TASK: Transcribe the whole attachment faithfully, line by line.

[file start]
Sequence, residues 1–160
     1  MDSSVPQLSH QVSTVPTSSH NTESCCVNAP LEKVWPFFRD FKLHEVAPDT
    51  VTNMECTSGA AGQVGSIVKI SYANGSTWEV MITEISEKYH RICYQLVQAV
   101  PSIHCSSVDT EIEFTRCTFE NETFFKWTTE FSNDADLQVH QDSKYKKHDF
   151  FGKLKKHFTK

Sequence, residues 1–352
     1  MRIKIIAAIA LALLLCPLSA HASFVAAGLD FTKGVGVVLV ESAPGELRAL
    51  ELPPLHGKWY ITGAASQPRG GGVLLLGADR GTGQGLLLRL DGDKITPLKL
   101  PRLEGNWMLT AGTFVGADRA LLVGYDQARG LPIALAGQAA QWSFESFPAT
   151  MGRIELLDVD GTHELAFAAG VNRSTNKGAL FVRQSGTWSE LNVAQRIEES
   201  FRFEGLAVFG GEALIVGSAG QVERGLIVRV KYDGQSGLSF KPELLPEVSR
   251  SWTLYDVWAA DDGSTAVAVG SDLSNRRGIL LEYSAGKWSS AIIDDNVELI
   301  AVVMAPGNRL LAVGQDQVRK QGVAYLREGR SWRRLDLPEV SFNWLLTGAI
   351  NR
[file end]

Sequence, residues 1–160
     1  MDSSVPQLSH QVSTVPTSSH NTESCCVNAP LEKVWPFFRD FKLHEVAPDT
    51  VTNMECTSGA AGQVGSIVKI SYANGSTWEV MITEISEKYH RICYQLVQAV
   101  PSIHCSSVDT EIEFTRCTFE NETFFKWTTE FSNDADLQVH QDSKYKKHDF
   151  FGKLKKHFTK

Sequence, residues 1–352
     1  MRIKIIAAIA LALLLCPLSA HASFVAAGLD FTKGVGVVLV ESAPGELRAL
    51  ELPPLHGKWY ITGAASQPRG GGVLLLGADR GTGQGLLLRL DGDKITPLKL
   101  PRLEGNWMLT AGTFVGADRA LLVGYDQARG LPIALAGQAA QWSFESFPAT
   151  MGRIELLDVD GTHELAFAAG VNRSTNKGAL FVRQSGTWSE LNVAQRIEES
   201  FRFEGLAVFG GEALIVGSAG QVERGLIVRV KYDGQSGLSF KPELLPEVSR
   251  SWTLYDVWAA DDGSTAVAVG SDLSNRRGIL LEYSAGKWSS AIIDDNVELI
   301  AVVMAPGNRL LAVGQDQVRK QGVAYLREGR SWRRLDLPEV SFNWLLTGAI
   351  NR